Archive for June 26th, 2014

Trial Continuances in Foreclosure-World

I recently had a trial which, in my view, exposed everything that is wrong with foreclosure-world.  But first, a little background …

In most civil lawsuits, it’s up to the parties to set a trial date.  Courts don’t set trials on their own; the parties do.  In foreclosure-world, though, little is normal.  For many months now in Courts throughout Florida, it’s the Courts that take it upon themselves to set cases for trial.  Candidly, this dynamic has always driven me crazy.  From a defense perspective, when Courts take it upon themselves to set trial, it feels like the Courts are helping the banks prosecute their cases – helping them foreclose on homeowners faster.  Some might disagree, arguing either side could win at trial and the Courts are just managing their dockets.  But think about it.  In 99.99% of foreclosure cases, the banks are the only party seeking relief.  Hence, in my view, when a Court takes it upon itself to set a trial, it’s like the Court is saying “you’ve sued for foreclosure, bank?  You want relief from the Court?  Here, come to this trial date so you can foreclose on this house sooner.”  Maybe that’s not what is intended, but as a defense lawyer, that’s how it feels.  (If you disagree, then you tell me – how does a quicker trial date help a homeowner?)

It doesn’t always feel that way, of course.  Sometimes, the good judges in Florida will dismiss cases at trial when the law and facts require it.  So am I saying the system is only fair when cases are dismissed?  Of course not.  For me, the fairness of the system is often seen not in the result at trial, but whether the Court insists on going forward with the trials that it scheduled.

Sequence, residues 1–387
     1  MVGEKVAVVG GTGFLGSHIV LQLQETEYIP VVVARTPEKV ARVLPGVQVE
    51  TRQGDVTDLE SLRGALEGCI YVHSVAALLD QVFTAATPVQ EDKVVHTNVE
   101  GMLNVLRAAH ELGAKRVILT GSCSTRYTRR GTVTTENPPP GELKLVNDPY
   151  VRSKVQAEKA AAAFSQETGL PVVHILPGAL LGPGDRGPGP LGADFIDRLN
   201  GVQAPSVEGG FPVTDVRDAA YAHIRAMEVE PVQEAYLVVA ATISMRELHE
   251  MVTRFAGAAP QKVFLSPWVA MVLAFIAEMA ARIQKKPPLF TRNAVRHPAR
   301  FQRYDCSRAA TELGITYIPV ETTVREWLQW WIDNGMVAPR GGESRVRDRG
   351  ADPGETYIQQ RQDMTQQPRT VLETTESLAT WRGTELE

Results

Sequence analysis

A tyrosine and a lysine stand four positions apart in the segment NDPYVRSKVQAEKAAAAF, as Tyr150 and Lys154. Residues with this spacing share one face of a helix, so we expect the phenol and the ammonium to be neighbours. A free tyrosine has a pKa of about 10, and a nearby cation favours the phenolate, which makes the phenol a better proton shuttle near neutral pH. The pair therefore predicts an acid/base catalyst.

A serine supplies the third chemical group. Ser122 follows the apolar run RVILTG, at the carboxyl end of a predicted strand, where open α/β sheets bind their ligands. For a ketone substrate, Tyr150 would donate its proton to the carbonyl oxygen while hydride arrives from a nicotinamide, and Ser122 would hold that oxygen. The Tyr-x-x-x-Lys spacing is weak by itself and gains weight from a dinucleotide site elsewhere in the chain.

Consider a recent trial I had in Brevard County.  It was a six year old foreclosure case, filed in 2008.  Trial had been set twice by the Court and continued once at the Plaintiff’s request.  Here we were, at trial the second time, and Plaintiff was verbally requesting another continuance.  Plaintiff had no written motion, see Fla.R.Civ.P. 1.460, and, frankly, had no good reason whatsoever for a continuance.

What should a Court do in this situation?  It’s a six-year-old foreclosure case.  The Court set trial on its own initiative, on the basis that it had to advance the case to resolution to manage its docket.  I’m there, per the Court’s Order, ready for trial.  Should the Court grant another continuance?  To get another continuance, the Plaintiff should need to have a really darn good reason, right?  Homeowners certainly wouldn’t get a continuance at trial in a six-year-old foreclosure case without a darn good reason, would they?  So why should a bank?

You read the transcript of the Transcript of the hearing and you tell me.  Did the Plaintiff have a good reason for a continuance?  I sure didn’t think so, and, if I’m being honest, I felt like I thoroughly destroyed the bank’s argument for a continuance.  At trial, the bank argued that a Pooling and Servicing Agreement was off by one number, and that was the reason they needed a continuance.  I was shocked, as the PSA had not been produced in discovery, identified as an exhibit, or in any way mentioned as part of Plaintiff’s case.  For me, this was a totally irrelevant document, yet Plaintiff was using an irrelevant error as a pretense for a continuance to which it was not entitled.  That document was not even relevant, and Plaintiff (as the party seeking the continuance) was not even explaining how it was relevant!

As I argued to the judge, I thought the integrity of the judicial system required that continuance be denied.  Otherwise, as I explained, Courts come across as little more than debt collectors for the banks.  “Here, come to trial and get a judgment.  Oh, you’re not ready for your judgment today?  Come back in a couple of months and get a judgment then.  Oh, you’re still not ready?  Come back in a couple more months and you can foreclose then.”

At some point, particularly when Courts set the trial dates, the integrity of the system requires that these continuances be denied.  If the bank has a really good reason for a continuance – something that, as the judge said in the final paragraph of the transcript, would truly deprive the bank of its day in court (e.g. the witness’ car broke down coming to trial, death in the family, unexpected emergency), then fine – I get that.  But where the bank argues for a continuance based on a document that was not even relevant in the case, six years into a foreclosure lawsuit that had already been continued once – that’s emblematic of a system gone awry.

Mark Stopa

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